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Mystery Monday Review – No Name by Wilkie Collins

No Name by Wilkie Collins

Review by Matt B. (buffalosavage)


Critics and mystery fans consider this one Collins’ third best novel, after The Woman in White (which he himself thought his best) and The Moonstone (still credited as the first detective novel). I found the plot of No Name absorbing, far-fetched but never ridiculous as in Armadale (from which I had to bail about 100 pages in) or The Dead Secret. In fact, I think Collins wanted to showcase his own marvelous ingenuity in creating a plot and spinning out narrative with various techniques.

This novel opens on a domestic Trollopian note. Two grown sisters enjoy life, loved by their rich parents and secure in domestic comfort. But a series of disasters occurs. The sisters find themselves without their parents and because of cruel antique laws, they are revealed as illegitimate and stripped of their parents’ estate. It lands in the avaricious hands of a cousin who refuses to give the girls a hand even though he knows it was the intention of their father to provide for them.

The middle of the novel calls to mind the atmosphere of intrigue in The Woman in White. That is, the passionate sister vows to take back the legacy by any means necessary. She is helped by a Count Fosco-type villain – ruthless, charming, and a delight whenever he’s in the scene. The book is worth reading just for Capt. Wragge. His gift of gab would have been perfect for W.C. Fields. The middle section features a game of wits and skullduggery between two shrewd gamesters.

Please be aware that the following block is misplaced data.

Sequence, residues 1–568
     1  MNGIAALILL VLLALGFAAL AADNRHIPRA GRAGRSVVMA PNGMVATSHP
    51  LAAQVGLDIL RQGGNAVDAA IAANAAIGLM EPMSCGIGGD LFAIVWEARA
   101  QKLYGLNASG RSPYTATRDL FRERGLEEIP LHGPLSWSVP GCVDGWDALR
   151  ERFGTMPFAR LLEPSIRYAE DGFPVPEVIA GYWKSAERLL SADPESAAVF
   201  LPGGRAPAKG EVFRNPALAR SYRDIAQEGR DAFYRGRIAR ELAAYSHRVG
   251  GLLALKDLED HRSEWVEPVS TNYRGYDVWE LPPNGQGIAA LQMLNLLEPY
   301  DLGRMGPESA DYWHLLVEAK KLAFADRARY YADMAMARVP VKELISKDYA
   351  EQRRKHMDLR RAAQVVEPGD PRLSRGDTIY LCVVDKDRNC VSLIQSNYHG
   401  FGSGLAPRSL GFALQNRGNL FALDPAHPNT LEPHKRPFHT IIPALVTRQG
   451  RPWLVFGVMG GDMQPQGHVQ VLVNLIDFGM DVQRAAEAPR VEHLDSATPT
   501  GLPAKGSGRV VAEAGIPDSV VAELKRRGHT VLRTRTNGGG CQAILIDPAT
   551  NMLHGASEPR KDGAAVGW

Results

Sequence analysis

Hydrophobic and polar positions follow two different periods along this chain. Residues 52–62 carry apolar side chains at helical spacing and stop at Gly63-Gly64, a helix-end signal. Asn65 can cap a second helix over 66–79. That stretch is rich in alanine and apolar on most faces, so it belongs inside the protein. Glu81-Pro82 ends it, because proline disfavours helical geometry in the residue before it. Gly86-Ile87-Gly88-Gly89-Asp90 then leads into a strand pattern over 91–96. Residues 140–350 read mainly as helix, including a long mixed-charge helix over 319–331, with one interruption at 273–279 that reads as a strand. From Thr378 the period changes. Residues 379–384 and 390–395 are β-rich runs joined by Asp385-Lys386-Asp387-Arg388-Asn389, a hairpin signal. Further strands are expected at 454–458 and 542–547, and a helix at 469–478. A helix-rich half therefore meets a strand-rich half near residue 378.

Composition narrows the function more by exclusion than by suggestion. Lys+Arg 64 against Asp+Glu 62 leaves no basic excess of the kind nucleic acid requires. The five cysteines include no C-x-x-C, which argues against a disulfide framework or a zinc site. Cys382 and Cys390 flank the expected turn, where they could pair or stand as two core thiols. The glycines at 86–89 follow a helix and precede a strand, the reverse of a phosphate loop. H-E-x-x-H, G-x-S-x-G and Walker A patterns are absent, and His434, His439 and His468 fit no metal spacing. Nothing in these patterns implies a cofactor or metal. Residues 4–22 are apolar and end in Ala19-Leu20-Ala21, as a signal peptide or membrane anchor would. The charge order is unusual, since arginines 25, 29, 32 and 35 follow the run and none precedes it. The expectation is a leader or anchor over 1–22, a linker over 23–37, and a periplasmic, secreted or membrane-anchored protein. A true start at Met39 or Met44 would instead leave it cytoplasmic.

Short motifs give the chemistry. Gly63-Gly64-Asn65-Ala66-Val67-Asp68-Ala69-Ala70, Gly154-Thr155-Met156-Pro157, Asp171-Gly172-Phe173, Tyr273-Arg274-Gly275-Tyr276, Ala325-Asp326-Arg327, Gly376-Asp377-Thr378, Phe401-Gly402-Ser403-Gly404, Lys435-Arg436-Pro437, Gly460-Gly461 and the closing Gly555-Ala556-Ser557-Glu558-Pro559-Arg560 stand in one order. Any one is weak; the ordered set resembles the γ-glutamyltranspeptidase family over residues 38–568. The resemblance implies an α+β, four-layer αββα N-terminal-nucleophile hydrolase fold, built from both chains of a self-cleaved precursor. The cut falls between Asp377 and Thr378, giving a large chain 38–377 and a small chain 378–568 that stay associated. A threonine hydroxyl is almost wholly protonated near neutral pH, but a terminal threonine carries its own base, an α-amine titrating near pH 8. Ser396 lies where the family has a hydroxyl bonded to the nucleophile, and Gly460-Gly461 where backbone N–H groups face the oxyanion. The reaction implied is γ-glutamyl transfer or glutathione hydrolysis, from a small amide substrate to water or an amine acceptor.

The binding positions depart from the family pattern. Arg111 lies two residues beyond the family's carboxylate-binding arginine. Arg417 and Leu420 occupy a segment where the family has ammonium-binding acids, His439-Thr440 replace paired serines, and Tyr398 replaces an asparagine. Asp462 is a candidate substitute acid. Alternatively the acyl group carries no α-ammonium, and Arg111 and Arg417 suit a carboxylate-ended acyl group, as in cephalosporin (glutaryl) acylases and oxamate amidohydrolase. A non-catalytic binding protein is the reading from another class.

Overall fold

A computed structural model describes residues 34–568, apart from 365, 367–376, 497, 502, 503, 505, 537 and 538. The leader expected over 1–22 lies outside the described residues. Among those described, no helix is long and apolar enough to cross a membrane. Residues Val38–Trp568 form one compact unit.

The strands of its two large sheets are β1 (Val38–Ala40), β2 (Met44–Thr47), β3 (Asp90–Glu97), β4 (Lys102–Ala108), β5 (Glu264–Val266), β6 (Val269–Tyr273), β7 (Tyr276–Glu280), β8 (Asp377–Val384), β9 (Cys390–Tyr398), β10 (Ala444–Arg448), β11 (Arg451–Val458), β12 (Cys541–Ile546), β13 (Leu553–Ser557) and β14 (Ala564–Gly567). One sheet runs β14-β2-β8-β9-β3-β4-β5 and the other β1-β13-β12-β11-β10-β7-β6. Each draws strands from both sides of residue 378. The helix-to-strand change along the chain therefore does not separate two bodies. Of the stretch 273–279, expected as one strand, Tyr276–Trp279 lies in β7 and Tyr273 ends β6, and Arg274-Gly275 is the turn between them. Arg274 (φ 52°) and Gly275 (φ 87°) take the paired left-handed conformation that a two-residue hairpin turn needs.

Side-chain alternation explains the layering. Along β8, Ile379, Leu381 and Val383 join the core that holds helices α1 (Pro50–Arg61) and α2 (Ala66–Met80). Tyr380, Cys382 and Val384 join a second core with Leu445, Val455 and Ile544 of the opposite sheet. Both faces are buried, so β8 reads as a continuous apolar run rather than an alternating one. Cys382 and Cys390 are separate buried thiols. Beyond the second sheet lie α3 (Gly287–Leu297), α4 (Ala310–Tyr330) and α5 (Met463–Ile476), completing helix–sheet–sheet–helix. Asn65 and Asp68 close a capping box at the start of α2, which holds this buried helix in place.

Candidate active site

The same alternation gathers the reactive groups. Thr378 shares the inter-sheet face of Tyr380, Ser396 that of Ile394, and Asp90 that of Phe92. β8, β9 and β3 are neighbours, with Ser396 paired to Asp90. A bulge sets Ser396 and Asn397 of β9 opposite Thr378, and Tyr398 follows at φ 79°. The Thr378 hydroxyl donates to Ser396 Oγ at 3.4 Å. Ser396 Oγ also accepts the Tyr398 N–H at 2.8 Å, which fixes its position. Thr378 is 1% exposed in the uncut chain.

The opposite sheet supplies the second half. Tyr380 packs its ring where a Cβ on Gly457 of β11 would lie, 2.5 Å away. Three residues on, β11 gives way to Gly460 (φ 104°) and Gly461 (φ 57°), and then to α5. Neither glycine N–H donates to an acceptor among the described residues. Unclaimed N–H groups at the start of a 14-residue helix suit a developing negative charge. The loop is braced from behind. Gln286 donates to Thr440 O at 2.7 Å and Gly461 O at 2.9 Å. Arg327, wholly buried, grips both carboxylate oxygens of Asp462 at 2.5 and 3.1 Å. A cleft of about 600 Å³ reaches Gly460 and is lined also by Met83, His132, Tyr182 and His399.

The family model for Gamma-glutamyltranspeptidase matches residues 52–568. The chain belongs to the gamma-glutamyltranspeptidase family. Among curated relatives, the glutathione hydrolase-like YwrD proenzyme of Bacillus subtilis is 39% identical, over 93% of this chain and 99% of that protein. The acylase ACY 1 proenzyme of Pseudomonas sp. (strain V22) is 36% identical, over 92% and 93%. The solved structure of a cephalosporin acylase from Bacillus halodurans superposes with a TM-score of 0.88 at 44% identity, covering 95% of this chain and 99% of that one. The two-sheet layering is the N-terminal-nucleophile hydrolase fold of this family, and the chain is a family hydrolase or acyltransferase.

The last quarter or so does not let up either, so right to the end I was engrossed. He uses exchanges of letters to speed the plot along. He cuffs around middle-class smug respectability and keeping up appearances too. He does not make a big show of cutting down hypocrisy, but he makes sure we know he stands on the side of the individual against mindless conformity and a society too submissive to antique laws, endless red tape, and “the clap-trap morality of the present day,”as he said called it in the preface to Armadale.

Some readers may grumble that Collins isn’t as funny as Dickens and has fewer wise asides than Trollope. Still, I rather like these digressions

Examples may be found every day of a fool who is no coward; examples may be found occasionally of a fool who is not cunning; but it may reasonably be doubted whether there is a producible instance anywhere of a fool who is not cruel.


Resist it as firmly, despise it as proudly as we may, all studied unkindness—no matter how contemptible it may be—has a stinging power in it which reaches to the quick.


Collins doesn’t do scenery or weather either. It’s hard to know the season sometimes. I think he knew his audience – young, urban, on the way up – enough to know lots of readers just skim that stuff anyway.

In conclusion, I think readers that liked The Woman in White would probably like this one.



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